6.) Suspicious Persons — Perhaps the best possible application of the word “hinky,” all officers are already on the lookout for people who just seem to be out of place. While a lone adult at a playground screams for attention, a middle-aged student enrolled in a chemical engineering class with a bunch of 19-year-old college kids seems to slip a bit beneath the radar. Trust your gut, and ask the question, “What is this person really doing here?”

7.) Conducting Dry Runs — It has long been my personal belief that Richard Reid was unwittingly conducting a dry run when he attempted to light his shoe ablaze on American Airlines Flight 63 in December 2001. Ever since then, travelers have been striding sock-footed through the airport scanners. It’s well known that the 9/11 hijackers racked up frequent-flier miles as they conducted dry runs to count numbers of passengers and time out the best stage of the flight to mount their attack. Dry runs can also be as simple as mapping routes and timing the sequence of traffic lights.

8.) Deploying Assets —  By the time the personnel and materiel are put into motion for a terrorist attack, stopping it becomes considerably more difficult. Once a suicide bomber starts rolling toward target, they’re about 95 percent successful in carrying out their mission. However, there are still viable opportunities to intervene during the final moments before a terrorist act occurs. Never give up!

Many Hands Make Light Work
I’ve been studying terrorism now for more than two decades. My first “desk job” was as a low-level analyst with the U.S. Department of State in the immediate aftermath of Saddam’s August 1990 invasion of Kuwait — my primary area of focus was Middle East terrorism and military history. Despite dedicating a significant portion of my life to studying this stuff, I still work hard to educate myself further about the changing landscape of terrorism.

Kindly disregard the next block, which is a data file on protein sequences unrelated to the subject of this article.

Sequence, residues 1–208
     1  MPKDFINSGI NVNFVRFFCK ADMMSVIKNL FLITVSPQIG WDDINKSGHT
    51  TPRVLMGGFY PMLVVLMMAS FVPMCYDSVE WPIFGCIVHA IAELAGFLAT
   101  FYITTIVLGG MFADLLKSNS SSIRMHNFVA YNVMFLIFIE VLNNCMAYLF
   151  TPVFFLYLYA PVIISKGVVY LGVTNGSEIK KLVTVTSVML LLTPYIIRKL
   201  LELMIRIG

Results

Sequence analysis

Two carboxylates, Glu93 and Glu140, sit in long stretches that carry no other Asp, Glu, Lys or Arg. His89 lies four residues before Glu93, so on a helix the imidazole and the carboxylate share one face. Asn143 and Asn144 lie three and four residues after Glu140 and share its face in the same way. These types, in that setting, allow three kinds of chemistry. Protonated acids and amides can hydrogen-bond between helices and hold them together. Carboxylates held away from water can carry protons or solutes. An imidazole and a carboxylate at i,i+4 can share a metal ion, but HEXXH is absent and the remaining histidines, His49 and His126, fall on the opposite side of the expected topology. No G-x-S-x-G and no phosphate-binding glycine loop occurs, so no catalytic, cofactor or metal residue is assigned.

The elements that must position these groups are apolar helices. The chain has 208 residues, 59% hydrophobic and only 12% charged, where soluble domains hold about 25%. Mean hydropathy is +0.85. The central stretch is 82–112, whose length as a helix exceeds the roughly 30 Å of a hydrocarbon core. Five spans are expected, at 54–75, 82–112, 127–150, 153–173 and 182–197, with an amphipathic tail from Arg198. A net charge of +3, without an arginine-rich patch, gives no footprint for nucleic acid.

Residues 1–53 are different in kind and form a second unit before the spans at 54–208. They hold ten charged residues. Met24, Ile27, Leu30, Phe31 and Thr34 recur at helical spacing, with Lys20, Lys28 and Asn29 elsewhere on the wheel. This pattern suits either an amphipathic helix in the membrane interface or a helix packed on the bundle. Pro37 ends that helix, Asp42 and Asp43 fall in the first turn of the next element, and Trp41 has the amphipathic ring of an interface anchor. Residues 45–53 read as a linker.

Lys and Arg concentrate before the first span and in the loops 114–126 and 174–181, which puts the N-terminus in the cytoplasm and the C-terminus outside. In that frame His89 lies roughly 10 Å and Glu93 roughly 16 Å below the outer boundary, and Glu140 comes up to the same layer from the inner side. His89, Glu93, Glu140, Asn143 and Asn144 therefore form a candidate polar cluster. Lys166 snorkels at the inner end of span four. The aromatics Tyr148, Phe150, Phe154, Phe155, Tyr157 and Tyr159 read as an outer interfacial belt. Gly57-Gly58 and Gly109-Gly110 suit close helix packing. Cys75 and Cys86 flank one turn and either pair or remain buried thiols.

I know there are thousands of like-minded law enforcers and law-abiding citizens who are doing the same thing. I’d bet a waist-high stack of green money that if you’re reading this final paragraph, you’re one of those great, modern-day American Patriot warriors. With hard work, and a measure of luck, we’ll keep winning this battle against those who want to destroy us.

About the author

Doug Wyllie is Editor in Chief of PoliceOne, responsible for setting the editorial direction of the website and managing the planned editorial features by our roster of expert writers. An award-winning columnist — he is the 2014 Western Publishing Association "Maggie Award" winner in the category of Best Regularly Featured Digital Edition Column — Doug has authored more than 800 feature articles and tactical tips on a wide range of topics and trends that affect the law enforcement community. Doug is a member of International Law Enforcement Educators and Trainers Association (ILEETA), an Associate Member of the California Peace Officers' Association (CPOA), and a member of the Public Safety Writers Association (PSWA). Even in his "spare" time, he is active in his support for the law enforcement community, contributing his time and talents toward police-related charitable events as well as participating in force-on-force training, search-and-rescue training, and other scenario-based training designed to prepare cops for the fight they face every day on the street.